The secret lies in the characters. Sure the story might be interesting, but it’s the characters we connect with and experience it through.
They become our friends and we love to care about them. They make us laugh, cry, get angry, and fear for their well-being.
We keep reading a story because we care about the characters, and therefore care about what happens to them. If the reader doesn’t care about your characters, she won’t care to finish your novel. Which is not what you want!
So how do you make readers care about fictional people?
You engage their emotions.
“In order for a reader to connect with a story, he must feel that he has a stake in the character’s plight and must care about the outcome.” — from Emotion Tension, and Conflict by Cheryl St. John
No matter how spectacular of a plot you have, your story will fall flat if your reader cannot connect with the characters on an emotional level. What keeps a reader turning the pages is the desire to find out what will happen to the characters that she cares about.
So how do you make a reader care about your character so that she will root for him/her to achieve his/her goal? You must make your characters sympathetic, relatable, likeable, flawed, and interesting. Let’s look at an example—Ana from Frozen.
Straight away we see that Ana is isolated from her sister, whom she loves. When the girls’ parents die they are left alone. With no friends and a sister who won’t speak to her for reasons she doesn’t understand, Ana is lonely and desperate for love.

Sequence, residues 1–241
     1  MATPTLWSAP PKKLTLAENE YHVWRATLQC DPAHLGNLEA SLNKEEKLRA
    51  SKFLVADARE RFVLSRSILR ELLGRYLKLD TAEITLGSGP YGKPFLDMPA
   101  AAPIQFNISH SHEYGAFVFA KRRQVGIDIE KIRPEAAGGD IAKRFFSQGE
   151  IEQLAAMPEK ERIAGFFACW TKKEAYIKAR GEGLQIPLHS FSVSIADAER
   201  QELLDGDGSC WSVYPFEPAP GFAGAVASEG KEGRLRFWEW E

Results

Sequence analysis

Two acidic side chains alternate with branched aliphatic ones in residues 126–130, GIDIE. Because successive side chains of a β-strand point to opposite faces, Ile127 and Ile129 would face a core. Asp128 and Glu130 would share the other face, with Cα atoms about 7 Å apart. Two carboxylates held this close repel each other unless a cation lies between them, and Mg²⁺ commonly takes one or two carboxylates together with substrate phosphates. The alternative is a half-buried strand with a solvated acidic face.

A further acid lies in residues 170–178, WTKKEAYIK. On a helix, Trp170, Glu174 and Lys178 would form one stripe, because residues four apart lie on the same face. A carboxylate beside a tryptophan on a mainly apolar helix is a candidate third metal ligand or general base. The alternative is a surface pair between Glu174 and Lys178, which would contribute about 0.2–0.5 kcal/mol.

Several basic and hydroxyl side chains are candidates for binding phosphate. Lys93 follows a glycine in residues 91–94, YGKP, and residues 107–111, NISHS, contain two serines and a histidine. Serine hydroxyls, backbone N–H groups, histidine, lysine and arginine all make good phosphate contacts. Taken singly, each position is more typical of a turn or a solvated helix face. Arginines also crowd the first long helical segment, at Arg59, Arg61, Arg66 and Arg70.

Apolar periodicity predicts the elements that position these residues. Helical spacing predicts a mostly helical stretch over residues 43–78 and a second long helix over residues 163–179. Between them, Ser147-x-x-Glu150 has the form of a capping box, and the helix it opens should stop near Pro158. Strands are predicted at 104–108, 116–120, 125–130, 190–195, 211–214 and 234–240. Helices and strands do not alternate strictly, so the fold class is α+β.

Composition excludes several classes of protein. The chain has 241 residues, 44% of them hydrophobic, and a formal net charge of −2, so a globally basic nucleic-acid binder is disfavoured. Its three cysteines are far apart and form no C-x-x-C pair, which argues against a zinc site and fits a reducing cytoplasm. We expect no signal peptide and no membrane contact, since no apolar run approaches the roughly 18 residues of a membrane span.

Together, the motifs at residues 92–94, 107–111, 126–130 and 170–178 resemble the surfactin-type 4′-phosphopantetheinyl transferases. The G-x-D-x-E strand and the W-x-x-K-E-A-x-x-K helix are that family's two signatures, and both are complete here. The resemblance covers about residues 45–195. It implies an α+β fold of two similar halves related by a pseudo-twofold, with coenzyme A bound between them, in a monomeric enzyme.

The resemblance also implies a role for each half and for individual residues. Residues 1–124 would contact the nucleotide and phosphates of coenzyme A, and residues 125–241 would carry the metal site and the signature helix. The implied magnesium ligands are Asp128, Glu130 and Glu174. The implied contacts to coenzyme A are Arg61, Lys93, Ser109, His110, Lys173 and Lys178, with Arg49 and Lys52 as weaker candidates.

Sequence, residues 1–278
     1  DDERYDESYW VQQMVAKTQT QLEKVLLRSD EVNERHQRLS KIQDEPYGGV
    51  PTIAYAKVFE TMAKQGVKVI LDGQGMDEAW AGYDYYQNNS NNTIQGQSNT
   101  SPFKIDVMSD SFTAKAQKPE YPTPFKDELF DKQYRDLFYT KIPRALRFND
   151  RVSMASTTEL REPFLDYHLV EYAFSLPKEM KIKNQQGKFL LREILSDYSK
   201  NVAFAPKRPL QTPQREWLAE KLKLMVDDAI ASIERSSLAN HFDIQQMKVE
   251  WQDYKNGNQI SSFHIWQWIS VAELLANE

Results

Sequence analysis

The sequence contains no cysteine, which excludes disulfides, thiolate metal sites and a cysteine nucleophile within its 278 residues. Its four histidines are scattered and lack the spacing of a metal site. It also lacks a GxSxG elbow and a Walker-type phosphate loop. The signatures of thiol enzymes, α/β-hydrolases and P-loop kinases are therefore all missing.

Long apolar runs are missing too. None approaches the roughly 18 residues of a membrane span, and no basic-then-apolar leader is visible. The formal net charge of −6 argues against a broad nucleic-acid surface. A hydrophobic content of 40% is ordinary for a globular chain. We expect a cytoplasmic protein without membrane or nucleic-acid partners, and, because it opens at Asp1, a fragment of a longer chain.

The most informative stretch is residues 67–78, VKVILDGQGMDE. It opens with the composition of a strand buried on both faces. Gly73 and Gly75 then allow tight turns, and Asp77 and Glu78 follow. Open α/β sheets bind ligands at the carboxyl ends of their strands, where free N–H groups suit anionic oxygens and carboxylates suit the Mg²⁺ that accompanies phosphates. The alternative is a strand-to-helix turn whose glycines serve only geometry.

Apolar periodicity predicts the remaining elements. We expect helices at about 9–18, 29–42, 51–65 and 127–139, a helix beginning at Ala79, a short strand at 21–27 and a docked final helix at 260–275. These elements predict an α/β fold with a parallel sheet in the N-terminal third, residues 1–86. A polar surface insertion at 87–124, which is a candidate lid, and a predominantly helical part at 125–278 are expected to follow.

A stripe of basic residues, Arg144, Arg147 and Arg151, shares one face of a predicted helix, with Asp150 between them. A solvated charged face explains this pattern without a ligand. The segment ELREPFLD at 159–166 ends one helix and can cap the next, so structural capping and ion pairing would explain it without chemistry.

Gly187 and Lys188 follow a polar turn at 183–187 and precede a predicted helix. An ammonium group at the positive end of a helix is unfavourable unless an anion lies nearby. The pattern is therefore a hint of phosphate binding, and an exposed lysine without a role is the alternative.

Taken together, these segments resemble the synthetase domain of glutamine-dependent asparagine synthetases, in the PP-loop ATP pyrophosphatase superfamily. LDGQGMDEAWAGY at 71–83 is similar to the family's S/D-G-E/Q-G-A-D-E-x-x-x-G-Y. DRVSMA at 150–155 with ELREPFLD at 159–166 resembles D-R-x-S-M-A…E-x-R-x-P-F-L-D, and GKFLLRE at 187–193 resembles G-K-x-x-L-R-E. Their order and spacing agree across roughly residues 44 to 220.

Ana has a fun personality—she’s bubbly, outgoing, and optimistic. She also has a strong love for her sister, even though Elsa has shut her out for so many years.
Note that not all characters have to be “nice” to be likable. For example, Katniss isn’t sociable or friendly, but she has positive qualities. Your character needs at least one positive quality to make readers like them, and you need to show it as early as possible.
Ana is just like any girl—she loves chocolate and dreams of meeting “the one.” She’s also a bit of a dork.
Ana isn’t perfect. She’s a little naive (you can’t marry a man you just met!) and she also tends to be clumsy and has a habit of babbling. She can also be a little over-confident at times. No one wants to read about a perfect character—perfect is boring! Ana’s flaws make her charming and realistic.
Ana’s quirky personality makes her interesting and likable.
All of these qualities make us care about Ana. We want her to achieve her goal of bringing her sister Elsa home and repairing their relationship. We root for her along every step of the way.
Let’s look at another example.
Let’s say you’re reading a story about a Halloween party. Turns out there’s a real vampire in the room, and it murders a young woman. Interesting, exciting maybe, but other than that you’re indifferent about the situation because you don’t know the woman.
Let’s say beforehand you were shown that the woman is a single mother of two small children. She recently divorced her abusive husband and her girlfriends have talked her into going out with them tonight. Then she is murdered. Now some feelings might be stirred.
Think back to the last book you didn’t like. For me, it was The Maze Runner by James Dashner. Why didn’t you like the book?
I’m willing to bet you had an issue with the characters. The concept for The Maze Runner was interesting, but the characters were flat and I couldn’t connect with them emotionally. I didn’t care about them, so I didn’t care about what happened to them and I skimmed.
Conflict will not matter if the reader doesn’t care about your characters. So take the time to flesh out your characters, give them personalities, strengths, flaws, interests, and pasts so that your reader will connect with them and care about their fate.
What characters do you care about in books you’ve read? What makes you care about them?